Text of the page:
Some very troubling assertions emerge from a new report using a broad range of data to forecast American children’s chances for success in life.
According to the report, a huge disparity exists from individual to individual, group to group. And at the basis of it is race.
Highlights of the findings were included in an Associated Press story in last Wednesday’s Press-Republican. The study was done by the Annie E. Casey Foundation, which is dedicated to improving the lives and prospects of children throughout the United States.
While, predictably, the study found gaps in achievement and future success from one child to the next, it showed deep divides by race.
Asian and white children ranked dramatically higher than Latinos, American Indians and African-Americans across the board and in every region of the country in chances for success.
Far more study is needed, but short-term action is urgently required. In the long run, something fundamental has to change about the way children are raised and educated, if we assume the study has validity.
What do those numbers tell us about ourselves as a nation? That we stand by and let certain groups thrive while others struggle? That we are satisfied if some score disproportionately to others? That we have created a system in which only certain people can prosper? That social conditions are fostered that favor some groups and drag down others?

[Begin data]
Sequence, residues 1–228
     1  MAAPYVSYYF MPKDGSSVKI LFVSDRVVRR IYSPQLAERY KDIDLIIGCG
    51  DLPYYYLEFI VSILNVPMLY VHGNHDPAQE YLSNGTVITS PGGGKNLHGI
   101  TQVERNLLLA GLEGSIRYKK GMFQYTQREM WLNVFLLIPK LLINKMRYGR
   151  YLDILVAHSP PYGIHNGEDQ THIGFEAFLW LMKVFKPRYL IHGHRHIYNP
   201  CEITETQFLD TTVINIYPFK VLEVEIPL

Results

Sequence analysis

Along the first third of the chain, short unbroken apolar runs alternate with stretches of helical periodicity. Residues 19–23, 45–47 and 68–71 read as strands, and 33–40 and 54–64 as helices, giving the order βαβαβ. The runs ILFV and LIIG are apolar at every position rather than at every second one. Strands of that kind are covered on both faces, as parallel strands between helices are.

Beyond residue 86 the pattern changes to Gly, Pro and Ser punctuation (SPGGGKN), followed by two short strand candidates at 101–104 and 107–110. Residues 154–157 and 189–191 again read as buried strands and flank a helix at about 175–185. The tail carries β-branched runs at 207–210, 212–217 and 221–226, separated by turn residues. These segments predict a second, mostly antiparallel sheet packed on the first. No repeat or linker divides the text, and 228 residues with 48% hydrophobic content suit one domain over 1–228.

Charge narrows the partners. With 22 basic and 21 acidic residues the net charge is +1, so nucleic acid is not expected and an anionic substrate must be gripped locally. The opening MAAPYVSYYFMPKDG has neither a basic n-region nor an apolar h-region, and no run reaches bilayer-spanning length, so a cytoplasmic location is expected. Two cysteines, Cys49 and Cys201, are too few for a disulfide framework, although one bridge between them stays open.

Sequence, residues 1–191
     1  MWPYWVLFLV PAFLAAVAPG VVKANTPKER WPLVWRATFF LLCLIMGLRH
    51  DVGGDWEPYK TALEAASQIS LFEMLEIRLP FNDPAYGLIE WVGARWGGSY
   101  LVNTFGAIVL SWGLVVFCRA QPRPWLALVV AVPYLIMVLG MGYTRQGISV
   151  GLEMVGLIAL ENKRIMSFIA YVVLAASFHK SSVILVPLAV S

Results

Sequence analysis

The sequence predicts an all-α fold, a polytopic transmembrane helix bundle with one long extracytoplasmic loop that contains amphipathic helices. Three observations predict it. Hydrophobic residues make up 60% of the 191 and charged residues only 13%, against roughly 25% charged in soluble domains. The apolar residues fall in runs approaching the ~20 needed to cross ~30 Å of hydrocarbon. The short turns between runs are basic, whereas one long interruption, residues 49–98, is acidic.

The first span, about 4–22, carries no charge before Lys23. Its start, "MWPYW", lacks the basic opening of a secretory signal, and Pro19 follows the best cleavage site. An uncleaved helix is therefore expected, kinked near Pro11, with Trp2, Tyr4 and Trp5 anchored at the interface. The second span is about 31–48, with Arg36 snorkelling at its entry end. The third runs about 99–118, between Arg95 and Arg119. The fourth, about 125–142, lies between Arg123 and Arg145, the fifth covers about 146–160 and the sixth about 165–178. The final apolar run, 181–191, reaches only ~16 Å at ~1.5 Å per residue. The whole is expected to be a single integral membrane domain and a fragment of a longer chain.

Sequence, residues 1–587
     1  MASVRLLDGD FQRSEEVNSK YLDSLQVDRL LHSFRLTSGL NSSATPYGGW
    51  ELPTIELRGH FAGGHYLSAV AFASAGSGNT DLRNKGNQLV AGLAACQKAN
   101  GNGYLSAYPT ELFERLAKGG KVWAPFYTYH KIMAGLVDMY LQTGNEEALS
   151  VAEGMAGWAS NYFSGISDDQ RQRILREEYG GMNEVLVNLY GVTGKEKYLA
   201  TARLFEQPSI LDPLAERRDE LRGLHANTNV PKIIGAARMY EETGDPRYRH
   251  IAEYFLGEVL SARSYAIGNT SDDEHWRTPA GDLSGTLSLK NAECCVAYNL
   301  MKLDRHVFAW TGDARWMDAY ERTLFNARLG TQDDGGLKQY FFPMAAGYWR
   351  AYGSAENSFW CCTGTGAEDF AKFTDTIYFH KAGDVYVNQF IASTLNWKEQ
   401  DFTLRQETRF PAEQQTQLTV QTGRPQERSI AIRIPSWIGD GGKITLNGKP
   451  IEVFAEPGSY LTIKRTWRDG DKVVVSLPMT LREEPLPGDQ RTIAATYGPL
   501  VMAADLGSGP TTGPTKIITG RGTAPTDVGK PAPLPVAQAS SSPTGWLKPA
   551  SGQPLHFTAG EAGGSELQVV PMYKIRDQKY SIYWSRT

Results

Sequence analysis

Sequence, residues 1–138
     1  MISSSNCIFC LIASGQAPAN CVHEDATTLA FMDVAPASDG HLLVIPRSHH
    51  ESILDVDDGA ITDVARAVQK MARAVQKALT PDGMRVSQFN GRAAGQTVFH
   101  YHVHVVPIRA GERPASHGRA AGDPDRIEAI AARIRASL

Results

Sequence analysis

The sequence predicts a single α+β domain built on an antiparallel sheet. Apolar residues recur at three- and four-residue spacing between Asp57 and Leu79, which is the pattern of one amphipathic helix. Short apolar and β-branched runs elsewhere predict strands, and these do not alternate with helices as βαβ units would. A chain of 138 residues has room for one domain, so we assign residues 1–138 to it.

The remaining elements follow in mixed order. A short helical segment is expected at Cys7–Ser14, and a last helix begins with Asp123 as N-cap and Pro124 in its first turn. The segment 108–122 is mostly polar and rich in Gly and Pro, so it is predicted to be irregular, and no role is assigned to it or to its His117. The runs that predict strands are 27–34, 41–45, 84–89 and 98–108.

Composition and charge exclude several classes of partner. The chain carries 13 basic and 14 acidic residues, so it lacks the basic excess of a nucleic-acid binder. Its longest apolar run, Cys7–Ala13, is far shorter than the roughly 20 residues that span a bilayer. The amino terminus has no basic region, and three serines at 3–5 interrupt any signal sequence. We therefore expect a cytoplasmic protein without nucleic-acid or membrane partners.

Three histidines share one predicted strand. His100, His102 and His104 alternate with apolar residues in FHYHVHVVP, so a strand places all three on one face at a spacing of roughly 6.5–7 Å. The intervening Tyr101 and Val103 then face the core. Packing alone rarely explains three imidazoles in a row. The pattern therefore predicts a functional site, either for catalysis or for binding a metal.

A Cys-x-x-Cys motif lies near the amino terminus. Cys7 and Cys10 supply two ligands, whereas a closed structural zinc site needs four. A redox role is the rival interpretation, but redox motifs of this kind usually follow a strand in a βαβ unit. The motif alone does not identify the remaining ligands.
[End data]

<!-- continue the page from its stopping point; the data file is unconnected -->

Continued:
If poverty or education biases are factors, we must effectively address the conditions that promote those.
And is it really a racial issue? Or are there community issues that seem to swallow certain racial categories in greater proportion to others?
The report calls the challenges facing black children “a national crisis.” We cannot allow any group to fall behind others and face a future no better than its past. Leadership among all racial groups is needed to analyze and attack this failing.
As schools and governments evaluate what role they might play in this sad situation, so must parents. Most people know the elements of home life that add up to success for children, among those having a stable, safe and supportive atmosphere; parents who read to their kids and try to stimulate their minds; nutritious food in sufficient quantities; limited access to violent games, movies and TV shows; and rules that maintain order and routine.
Philanthropic, community, church and social organizations can work on educating families about how to create the kind of solid start at home that children can then build on during their school days.
So often, studies are compiled and their results publicized and that is the last most of us hear of them. This one is too important to let age on a shelf.
Americans must know what is causing this crippling disparity in children’s futures and how to end it.